“Their bid was rated the highest, provides valuable assistance to Michigan educators, students and parents, is more aligned to Michigan’s content standards, and saves the state millions of dollars over the course of the three-year contract.”

MDE Spokesperson Bill DiSessa said the change to the newer format was guided or led by the fact that the old contract expired, and the dictation of the bid process led to a result where the SAT won out. He added that along with saving Michigan millions of dollars during the three years of the contract, the SAT was rated as the best test because it is more closely aligned with the state’s educational content standards.

“I would say that the advantages and benefits to the SAT speak for themselves,” DiSessa said. “Also, the fact is that many colleges accept SAT, and each year the College Board helps 7 million students prepare for a successful transition to college. It’s not like the SAT is some sort of unknown; it’s a globally recognized college admission test.”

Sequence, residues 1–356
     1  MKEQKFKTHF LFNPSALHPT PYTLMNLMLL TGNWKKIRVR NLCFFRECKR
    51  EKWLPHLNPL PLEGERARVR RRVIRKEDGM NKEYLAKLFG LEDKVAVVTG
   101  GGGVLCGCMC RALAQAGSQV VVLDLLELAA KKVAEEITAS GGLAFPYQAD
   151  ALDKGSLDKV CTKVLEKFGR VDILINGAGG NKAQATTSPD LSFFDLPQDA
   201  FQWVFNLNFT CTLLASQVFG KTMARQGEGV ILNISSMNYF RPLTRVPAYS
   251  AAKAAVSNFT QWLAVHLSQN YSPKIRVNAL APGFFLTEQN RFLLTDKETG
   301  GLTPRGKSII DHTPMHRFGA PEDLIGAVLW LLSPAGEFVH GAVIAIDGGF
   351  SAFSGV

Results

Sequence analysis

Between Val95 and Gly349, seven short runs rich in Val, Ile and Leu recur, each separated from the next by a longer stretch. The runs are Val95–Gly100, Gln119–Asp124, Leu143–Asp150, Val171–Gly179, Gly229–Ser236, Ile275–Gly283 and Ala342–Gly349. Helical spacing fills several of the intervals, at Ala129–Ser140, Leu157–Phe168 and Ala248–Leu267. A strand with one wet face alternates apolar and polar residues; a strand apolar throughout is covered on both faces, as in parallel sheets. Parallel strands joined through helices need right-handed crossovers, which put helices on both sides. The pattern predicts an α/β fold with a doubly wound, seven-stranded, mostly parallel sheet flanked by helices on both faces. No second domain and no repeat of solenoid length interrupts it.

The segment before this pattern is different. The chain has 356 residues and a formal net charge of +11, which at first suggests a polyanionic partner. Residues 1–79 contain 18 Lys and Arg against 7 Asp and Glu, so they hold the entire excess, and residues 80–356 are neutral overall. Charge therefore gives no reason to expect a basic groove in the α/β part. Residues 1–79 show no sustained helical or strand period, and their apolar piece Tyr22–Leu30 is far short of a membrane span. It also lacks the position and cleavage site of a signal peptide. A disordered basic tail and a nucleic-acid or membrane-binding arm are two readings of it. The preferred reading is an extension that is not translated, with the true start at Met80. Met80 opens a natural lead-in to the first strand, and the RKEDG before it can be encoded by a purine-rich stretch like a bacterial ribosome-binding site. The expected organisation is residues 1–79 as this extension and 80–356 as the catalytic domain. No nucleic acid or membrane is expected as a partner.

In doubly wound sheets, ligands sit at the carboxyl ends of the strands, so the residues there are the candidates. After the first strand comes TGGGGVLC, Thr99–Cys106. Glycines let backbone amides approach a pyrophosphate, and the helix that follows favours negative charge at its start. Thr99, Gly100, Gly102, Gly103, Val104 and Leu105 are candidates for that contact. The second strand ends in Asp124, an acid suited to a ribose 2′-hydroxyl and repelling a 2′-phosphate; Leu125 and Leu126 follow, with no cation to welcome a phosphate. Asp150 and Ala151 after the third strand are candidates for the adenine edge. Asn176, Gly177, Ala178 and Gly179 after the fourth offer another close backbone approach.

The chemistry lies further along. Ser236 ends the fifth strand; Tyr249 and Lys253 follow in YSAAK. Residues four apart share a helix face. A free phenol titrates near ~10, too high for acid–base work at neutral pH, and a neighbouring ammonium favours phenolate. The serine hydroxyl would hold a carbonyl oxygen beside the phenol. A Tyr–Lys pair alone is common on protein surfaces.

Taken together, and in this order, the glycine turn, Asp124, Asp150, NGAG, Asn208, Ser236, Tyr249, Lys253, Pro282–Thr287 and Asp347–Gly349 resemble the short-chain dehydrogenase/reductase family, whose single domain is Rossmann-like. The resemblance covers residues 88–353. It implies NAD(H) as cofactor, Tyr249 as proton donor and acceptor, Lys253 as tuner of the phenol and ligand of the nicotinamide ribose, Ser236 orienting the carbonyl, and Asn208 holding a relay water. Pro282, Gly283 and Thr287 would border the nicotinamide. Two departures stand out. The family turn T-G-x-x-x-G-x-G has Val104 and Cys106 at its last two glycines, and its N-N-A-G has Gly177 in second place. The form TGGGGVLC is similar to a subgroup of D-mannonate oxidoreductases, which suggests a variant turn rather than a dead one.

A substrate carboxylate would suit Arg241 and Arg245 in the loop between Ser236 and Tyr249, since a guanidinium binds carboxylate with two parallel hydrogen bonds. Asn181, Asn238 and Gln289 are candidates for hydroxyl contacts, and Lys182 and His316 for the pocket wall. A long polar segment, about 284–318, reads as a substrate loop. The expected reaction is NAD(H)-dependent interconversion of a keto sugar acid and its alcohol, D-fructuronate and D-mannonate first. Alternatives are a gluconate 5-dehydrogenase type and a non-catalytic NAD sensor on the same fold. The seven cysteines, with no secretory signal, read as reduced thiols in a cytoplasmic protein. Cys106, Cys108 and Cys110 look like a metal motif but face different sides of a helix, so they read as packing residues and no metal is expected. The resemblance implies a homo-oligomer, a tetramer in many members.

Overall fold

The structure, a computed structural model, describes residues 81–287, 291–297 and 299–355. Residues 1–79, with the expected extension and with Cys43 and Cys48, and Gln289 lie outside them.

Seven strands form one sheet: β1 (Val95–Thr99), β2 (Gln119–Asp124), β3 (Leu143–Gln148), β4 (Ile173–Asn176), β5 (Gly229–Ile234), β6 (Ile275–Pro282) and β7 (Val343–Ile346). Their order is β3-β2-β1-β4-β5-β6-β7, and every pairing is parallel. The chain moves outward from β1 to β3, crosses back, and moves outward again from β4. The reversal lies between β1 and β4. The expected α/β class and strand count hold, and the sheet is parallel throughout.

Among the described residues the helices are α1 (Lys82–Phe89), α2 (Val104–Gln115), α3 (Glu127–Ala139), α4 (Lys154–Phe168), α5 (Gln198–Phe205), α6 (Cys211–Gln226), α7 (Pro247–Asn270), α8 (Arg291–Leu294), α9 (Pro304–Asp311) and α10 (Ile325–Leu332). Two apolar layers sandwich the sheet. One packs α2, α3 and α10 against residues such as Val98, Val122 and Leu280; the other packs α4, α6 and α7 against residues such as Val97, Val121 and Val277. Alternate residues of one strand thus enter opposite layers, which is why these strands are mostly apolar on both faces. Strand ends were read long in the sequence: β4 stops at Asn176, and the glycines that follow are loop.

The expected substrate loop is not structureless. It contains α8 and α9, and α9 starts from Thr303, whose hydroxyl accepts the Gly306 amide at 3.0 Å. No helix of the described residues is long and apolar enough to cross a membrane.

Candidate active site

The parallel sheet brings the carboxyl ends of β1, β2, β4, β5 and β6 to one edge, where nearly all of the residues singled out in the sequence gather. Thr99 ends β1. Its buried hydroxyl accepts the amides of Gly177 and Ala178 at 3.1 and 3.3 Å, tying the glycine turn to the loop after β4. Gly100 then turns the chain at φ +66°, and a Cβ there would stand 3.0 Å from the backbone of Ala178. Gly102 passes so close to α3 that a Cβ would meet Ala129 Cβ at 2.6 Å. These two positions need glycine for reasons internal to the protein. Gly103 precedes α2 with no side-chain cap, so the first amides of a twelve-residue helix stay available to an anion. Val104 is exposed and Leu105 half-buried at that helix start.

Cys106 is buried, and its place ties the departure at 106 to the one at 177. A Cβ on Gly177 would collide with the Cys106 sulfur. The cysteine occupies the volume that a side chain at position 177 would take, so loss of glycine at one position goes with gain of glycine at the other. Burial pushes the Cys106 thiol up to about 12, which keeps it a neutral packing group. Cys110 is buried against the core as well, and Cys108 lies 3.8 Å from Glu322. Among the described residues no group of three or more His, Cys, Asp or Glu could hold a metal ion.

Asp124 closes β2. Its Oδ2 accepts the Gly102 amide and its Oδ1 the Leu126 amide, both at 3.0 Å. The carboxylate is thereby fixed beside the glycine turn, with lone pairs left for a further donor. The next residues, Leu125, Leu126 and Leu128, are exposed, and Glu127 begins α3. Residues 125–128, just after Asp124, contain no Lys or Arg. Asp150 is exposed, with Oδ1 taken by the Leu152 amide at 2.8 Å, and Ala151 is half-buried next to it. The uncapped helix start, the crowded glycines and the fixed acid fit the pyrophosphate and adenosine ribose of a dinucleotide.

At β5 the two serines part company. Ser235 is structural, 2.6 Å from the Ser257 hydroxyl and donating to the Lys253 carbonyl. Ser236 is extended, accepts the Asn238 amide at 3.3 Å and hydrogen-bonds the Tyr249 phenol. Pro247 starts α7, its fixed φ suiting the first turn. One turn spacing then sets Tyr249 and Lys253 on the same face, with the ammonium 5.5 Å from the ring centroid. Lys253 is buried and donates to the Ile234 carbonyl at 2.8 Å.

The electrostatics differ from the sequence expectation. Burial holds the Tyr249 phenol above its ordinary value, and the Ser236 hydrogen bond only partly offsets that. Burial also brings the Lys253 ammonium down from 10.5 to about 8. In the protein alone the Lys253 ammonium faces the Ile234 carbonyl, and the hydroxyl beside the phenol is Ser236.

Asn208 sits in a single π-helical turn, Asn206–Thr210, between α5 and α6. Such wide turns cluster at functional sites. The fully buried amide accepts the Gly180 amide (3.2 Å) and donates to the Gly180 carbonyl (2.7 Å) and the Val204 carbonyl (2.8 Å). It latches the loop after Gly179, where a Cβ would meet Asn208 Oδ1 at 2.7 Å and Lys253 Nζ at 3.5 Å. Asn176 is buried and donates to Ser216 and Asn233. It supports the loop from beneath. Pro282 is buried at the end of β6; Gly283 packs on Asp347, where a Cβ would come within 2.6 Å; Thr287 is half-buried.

The MDE is forming a team of educated local, regional and community members in its Joint Evaluation Committee to assist in the transition — one that has caught some school districts by surprise. With many districts already in the process of instructing current sophomores about ACT testing, teachers and administrators now need to prepare students for a completely different assessment come next spring.

In Chippewa Valley Schools, Superintendent Ron Roberts was largely unfazed by the switch to SAT testing. Addressing the Board of Education on Jan. 12, Roberts indicated that high school teachers who have spent the last several years preparing students for the ACT will just have to adjust their instruction for a new college assessment.